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Science Killed Itself Over COVID-19   The Serious You: How Current Events Affect You

Started 9/15/21 by WALTER784; 10080 views.

Shale is kind of closed cell porosity until you break it up to release the trapped material. That's how they are getting oil out of it in the Bakken and a few other places. Drill horizontally into the seam, then apply ungodly amounts of hydraulic pressure to frack it and inject sand to act as proppant and hold open the cracks once the fluid pressure is relieved.

Probably not enough porosity to pass a reasonable amount of air through at any reasonable sized filter area. You'd probably need to make a couple of entire walls out of the stuff to get enough area to force enough air through at reasonable pressure to adequately ventilate a shelter.

Like a filter 8 feet high and 16 feet wide, maybe a half inch to a quarter inch thick, and maybe 3 or 4 PSI differential to force the air through, which means a lot of mechanical support, like a bazillion smaller panes supported by, say, steel beams, so the pressure doesn't just make it implode.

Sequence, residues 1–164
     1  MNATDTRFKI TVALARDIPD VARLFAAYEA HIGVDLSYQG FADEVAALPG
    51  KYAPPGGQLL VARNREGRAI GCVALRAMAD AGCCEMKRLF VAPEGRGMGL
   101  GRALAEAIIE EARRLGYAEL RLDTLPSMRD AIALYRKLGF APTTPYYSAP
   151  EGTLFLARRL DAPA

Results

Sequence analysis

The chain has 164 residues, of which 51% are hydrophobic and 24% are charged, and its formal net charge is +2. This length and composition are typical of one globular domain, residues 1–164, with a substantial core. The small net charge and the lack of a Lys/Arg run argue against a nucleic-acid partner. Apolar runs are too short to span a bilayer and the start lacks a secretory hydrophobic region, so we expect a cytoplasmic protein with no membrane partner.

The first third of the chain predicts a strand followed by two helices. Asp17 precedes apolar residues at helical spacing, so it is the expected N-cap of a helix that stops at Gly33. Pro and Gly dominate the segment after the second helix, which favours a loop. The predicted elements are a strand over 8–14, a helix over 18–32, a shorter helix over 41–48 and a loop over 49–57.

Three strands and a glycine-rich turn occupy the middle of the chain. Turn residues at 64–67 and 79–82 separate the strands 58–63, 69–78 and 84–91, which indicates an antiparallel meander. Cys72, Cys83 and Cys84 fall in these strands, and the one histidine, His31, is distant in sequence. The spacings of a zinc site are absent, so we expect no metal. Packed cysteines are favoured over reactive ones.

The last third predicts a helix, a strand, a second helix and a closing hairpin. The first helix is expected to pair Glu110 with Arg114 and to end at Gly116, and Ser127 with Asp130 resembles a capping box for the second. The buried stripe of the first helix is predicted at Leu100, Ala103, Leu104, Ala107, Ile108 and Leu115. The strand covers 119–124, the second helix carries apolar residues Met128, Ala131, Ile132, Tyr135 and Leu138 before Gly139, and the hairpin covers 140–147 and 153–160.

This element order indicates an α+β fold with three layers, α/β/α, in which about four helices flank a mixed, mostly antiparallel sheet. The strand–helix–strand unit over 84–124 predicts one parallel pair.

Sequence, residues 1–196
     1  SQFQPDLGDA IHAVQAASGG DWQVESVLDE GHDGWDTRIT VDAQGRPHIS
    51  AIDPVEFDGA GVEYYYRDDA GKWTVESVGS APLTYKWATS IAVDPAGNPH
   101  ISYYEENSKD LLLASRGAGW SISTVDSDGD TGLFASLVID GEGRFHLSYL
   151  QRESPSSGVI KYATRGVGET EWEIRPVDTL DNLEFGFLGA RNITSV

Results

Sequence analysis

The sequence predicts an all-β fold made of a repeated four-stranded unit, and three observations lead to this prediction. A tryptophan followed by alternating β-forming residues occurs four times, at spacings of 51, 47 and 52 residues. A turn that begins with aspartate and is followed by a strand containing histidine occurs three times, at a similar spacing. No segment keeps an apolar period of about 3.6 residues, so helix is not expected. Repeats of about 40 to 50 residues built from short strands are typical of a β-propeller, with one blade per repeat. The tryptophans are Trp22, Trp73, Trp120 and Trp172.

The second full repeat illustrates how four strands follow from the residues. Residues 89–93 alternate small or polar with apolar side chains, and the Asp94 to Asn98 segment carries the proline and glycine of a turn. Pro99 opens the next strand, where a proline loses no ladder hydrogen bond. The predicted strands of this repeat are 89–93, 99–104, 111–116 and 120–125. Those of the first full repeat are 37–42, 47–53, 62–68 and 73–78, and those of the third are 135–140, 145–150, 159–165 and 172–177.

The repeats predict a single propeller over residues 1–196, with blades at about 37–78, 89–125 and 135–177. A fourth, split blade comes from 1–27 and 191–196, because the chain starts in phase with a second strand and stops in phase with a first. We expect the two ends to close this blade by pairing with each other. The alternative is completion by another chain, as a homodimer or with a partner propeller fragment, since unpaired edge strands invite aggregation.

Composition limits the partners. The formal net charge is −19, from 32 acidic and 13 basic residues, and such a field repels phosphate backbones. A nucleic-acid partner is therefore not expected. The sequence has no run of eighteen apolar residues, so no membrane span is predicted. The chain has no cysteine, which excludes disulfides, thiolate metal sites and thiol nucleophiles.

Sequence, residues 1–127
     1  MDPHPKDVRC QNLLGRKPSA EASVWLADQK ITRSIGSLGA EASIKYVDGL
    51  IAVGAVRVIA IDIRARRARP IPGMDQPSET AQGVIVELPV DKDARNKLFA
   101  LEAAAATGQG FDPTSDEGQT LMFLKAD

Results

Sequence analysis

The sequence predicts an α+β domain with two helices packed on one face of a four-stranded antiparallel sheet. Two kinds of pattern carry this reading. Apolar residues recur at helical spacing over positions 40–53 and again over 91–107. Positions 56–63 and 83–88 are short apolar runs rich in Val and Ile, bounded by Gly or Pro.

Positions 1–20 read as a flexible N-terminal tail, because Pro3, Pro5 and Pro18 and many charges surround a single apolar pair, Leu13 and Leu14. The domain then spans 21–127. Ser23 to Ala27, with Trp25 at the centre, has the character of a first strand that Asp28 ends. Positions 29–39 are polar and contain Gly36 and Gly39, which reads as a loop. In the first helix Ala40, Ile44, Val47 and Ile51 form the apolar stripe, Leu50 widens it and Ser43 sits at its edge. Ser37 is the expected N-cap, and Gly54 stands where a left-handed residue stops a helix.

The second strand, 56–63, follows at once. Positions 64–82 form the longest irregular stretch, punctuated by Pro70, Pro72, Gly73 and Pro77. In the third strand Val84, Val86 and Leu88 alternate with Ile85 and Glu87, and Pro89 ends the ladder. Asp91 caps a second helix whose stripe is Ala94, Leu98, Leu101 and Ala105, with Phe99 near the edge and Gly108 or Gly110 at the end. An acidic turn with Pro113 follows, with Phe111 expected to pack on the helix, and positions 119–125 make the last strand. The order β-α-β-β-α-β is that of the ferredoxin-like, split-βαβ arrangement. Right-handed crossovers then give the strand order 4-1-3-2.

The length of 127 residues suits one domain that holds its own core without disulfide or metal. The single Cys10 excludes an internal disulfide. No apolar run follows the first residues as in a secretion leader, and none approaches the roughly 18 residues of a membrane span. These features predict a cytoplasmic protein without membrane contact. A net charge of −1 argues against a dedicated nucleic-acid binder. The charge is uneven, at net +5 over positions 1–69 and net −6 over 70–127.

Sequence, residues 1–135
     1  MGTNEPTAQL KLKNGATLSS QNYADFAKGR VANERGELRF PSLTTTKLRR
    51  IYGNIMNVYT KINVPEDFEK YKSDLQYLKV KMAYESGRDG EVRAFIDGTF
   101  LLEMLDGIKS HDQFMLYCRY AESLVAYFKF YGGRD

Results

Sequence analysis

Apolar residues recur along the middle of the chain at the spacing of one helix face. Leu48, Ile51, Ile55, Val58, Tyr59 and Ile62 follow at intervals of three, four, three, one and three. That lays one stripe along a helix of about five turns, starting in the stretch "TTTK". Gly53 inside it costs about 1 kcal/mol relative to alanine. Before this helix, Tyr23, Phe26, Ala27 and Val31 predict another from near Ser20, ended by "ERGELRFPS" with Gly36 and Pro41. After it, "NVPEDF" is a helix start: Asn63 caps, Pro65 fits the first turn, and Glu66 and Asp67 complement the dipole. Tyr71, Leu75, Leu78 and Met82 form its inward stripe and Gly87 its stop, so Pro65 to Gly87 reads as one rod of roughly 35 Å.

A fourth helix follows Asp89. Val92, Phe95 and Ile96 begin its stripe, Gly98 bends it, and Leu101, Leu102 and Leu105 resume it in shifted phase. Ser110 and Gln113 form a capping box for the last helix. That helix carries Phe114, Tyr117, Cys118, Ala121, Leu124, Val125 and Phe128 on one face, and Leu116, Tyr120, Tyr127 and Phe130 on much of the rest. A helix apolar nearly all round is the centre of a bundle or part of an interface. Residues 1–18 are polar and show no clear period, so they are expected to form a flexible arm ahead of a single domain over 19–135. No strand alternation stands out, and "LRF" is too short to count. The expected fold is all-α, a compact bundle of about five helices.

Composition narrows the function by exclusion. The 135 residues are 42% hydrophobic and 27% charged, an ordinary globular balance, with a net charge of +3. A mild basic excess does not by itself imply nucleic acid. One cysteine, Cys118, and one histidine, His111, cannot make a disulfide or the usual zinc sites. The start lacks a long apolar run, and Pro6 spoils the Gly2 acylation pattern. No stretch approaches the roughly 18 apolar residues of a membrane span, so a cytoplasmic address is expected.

now I've got to do some more research on shale porosity when it's quarried unaltered from the ground.

I know that it metamorphoses under heat and pressure into slate, which is quite non-porous. They used it for some castle roofs all over Europe for many thousands of years. And it is used as pool table sub-surfaces, beneath the felt, because it's heavy and flakes off nice and smooth.

WALTER784

From: WALTER784

Dec-6

The outer walls and roof of my home are made of slate. The slate walls are about 1.5" in thickness and work great to keep the heat out or heat in. 

In the summer months, the outer walls are hot but the inner walls are still cool. Likewise, when we heat the inner house, the heat doesn't dissipate to the outer surface of the slate.

FWIW

Showtalk
Host

From: Showtalk

Dec-6

I have a small water filter and it uses carbon. But it also leaves small particles in the water right after it’s changed out for a new one.